A Writer’s Gift
By Shawn MacKenzie
Excuses for gift giving proliferate today like mice on fertility drugs. Whether birthdays or unbirthdays, showers for babies, weddings, engagements (not necessarily in that order), or the ever familiar Chanukah, Yuletide, and Dragon Day (ok, I made that one up but urge you to celebrate it regularly and with flair), these occasions place increasing demands on our imaginations and our purses.
Now, when I was growing up, I thought my parents had this whole gifting thing figured out. They’re potters, you see, and so could select a vase or unomi, a teapot or fluted jar filled with homemade marmalade (my meager contribution to the fun, tweaked and perfected through the years), wrap in a piece of madras tissue paper and, voila!…. Each piece was lovingly made and personally chosen—each was a gift from the heart.
This was the tradition with which I was raised and one I have tried to continue. But I am no potter. I never had the slightest knack with wheel or glaze. I am a writer, a spinner of tales. A different beast, entirely. Unfortunately, volumes months, even years, in the creating do not make for easy gifting (and can seem extravagant for all save the most special occasion). So what is a writer to do?
Well, a few years back, a friend and fellow scribe, John Goodrich, introduced me to the wonder of chapbooks. Problem solved!
For those of you unfamiliar with the term, a chapbook is a short piece, either a brief collection of verse (if you’re poetically inclined) or a short story, etc. In modern parlance, consider it the hard-copy version of an e-book single. There are no restrictions save those of the imagination. From a writer, what could be a more personal than the sharing of one’s labors, be it a one-off (as for upcoming Mother’s Day or your significant other’s birthday) or a group printing for close friends at Samhain (what I like to call a limited edition).
So, you write your heart out, blood and sweat and appropriate affection infusing every word. With your last T crossed and comma in place, you’re ready to put it all together. This is joyful right-brain stuff: choosing your paper, typeface, and designing your cover, the wrapping and flashy ribbon for your present. I love designing books, be they chap or full-on tomes. It sooths the nascent visual artist in me and lets me play in a realm I too often ignore.
This is the time to have fun, to select the physical aspects—type and cover graphics—that speak to the heart of your words—without being too distracting or obvious or trite, of course. For those of us so inclined, it can be as satisfying as the writing itself. One word about typeface: don’t go too wild or ornate—you want something which reflects your work but is also easy on the eyes. If this sounds Greek to you, don’t worry. It just takes practice and a good eye. Standards like Perpetua, Palatino Linotype, Garamond, and minor variations thereon (serif/sans serif) are always good places to start; and if you want to jazz it up without going over the top, consider a fancy drop capital on the opening word.
Once your design choices are made, you’re entering the home stretch: time to set it up in PDF and print. Most any decent word-processing program will work for this. I personally use AdobeInDesign. It is professional software replete with bells and whistles which does require a bit of a learning curve. Still, I’ve used it for everything from a 10-page illustrated Yule cookbook to a 300+-page short-story anthology. I wouldn’t trade it for anything. Text and images can be easily placed and manipulated, making it a multipurpose program that works as well for covers as interiors. Color or black and white, anything is possible.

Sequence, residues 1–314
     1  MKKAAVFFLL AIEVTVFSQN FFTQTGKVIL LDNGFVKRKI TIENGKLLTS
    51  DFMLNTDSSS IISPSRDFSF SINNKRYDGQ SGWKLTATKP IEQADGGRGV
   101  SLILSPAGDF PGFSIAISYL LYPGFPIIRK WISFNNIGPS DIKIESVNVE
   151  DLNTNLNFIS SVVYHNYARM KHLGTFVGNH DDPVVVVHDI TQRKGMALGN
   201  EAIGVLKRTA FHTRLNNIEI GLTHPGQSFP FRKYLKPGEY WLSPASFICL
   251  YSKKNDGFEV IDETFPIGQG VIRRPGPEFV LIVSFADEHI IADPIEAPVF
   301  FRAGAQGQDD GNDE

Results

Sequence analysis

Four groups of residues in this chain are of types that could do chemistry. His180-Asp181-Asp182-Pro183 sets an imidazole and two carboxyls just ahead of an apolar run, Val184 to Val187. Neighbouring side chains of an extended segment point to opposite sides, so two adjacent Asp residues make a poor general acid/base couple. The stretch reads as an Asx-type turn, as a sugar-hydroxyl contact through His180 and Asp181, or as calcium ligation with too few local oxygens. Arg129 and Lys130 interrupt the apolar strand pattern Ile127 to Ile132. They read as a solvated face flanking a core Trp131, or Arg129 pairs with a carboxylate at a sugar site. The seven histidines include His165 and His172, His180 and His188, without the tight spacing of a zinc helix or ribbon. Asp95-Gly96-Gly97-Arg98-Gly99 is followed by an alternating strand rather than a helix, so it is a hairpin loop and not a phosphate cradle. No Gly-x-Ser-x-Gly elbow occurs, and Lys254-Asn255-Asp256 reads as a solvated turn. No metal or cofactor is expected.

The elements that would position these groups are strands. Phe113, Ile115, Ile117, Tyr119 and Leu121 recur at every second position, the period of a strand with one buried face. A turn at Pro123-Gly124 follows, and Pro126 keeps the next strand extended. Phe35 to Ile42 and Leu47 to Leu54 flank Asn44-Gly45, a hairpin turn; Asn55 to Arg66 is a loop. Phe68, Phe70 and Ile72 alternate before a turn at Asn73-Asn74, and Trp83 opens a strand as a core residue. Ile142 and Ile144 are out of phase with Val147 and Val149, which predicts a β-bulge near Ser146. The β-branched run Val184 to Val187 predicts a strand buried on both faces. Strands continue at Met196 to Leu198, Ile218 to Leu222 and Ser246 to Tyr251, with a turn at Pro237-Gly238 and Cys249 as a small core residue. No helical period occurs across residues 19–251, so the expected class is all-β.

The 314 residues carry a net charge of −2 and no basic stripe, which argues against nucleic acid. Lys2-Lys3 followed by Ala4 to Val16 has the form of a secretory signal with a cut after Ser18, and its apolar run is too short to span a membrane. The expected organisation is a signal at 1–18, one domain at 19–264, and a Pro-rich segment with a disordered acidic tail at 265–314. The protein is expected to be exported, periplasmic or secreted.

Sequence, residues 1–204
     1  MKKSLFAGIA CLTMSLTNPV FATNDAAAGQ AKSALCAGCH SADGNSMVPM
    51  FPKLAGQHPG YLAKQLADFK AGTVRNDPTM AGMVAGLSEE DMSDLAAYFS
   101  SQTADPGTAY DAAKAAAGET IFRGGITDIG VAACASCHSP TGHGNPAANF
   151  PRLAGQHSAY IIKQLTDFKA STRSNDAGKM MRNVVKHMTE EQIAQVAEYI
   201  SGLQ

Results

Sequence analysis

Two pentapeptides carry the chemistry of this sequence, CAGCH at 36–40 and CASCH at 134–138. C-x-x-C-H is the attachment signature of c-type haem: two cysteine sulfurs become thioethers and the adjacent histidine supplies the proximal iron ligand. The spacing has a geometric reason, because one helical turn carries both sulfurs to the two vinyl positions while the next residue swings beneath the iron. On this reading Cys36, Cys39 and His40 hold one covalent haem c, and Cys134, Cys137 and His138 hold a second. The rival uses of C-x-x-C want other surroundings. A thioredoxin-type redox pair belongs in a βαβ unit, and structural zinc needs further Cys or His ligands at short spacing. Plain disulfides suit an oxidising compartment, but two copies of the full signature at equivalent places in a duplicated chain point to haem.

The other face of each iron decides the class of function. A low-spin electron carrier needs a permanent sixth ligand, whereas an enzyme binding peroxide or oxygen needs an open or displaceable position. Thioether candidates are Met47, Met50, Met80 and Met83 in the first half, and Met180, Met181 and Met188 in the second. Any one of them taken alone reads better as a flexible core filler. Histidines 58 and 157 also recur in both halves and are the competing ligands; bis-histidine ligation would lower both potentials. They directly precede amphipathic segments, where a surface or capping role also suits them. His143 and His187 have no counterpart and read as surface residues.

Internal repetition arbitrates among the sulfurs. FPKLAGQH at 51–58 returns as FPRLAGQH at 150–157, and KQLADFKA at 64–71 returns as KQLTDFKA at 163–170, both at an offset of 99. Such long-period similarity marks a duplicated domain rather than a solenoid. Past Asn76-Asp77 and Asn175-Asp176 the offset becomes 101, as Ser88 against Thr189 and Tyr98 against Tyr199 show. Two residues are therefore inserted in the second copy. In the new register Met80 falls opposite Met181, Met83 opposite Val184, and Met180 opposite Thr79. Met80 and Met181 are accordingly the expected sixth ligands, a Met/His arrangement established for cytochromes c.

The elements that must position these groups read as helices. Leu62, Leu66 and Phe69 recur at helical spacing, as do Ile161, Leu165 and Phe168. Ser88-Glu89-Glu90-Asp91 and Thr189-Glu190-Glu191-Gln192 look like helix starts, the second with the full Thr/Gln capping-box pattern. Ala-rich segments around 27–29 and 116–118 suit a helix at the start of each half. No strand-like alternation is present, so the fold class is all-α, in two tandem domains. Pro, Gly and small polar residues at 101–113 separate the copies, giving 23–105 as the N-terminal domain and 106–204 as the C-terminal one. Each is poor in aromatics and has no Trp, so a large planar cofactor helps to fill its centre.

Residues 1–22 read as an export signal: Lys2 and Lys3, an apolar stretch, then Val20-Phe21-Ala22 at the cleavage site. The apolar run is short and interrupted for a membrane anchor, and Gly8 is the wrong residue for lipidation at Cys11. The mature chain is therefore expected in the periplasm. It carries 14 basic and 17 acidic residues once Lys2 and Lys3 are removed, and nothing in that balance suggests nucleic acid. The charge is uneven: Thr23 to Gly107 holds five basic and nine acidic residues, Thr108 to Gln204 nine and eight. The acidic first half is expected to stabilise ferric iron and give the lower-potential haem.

Of course, you don’t need bells and whistles, not a one. Word, WordPro—I am not familiar with Mac programs, but I am sure they are comparable—any of these will work. Set your layout as an 8.5 x 5.5 page (aka “half letter”) and save as a PDF, then print as a booklet (double-sided). Bingo.
For cover design, Corel PaintShopPro or its ilk works well (use an 8.5 x 11 landscape layout—front and back on one image). Note: these are just the basics: with a little imagination and a guillotine, you can create chapbooks in any shape or size you wish. Go wild!
Choose good paper—something that has appropriate gravitas for the occasion—and a slightly heavier stock for the cover. Laser printers are a boon to chapbook makers, in no small part because the print is crisper than with an ink jet and will not bleed. If you don’t have a laser printer, your local copy centre or Staples-esque establishment can run them off for you at relatively little expense. They’ll usually even staple them together for you (or you can go fancy and hand-stitch them).
I know we don’t like to worry about the depth of our purse when it comes to presents, but, hey, let’s face it: many of us are but poor scribes doing our best within our modest means.
At the end of the day, as writers, we are our words. And nothing speaks to the heart like giving a piece of ourselves.
About the Author:
Shawn MacKenzie had her first Dragon encounter when she was four years old and happened upon a copy of The Dragon Green by J. Bissell-Thomas. That was the beginning of a lifelong friendship. Author of The Dragon Keeper’s Handbook (Llewellyn Worldwide, 2011), and the upcoming Dragons for Beginners (Llewellyn, November, 2012), she is an editor and writer of sci-fi/fantasy. Her fiction has been published in Southshire Pepper-Pot, 2010 Skyline Review, and as a winner of the 2010 Shires Press Award for Short Stories. Shawn is an avid student of myth, religion, philosophy, and animals, real and imaginary, great and small.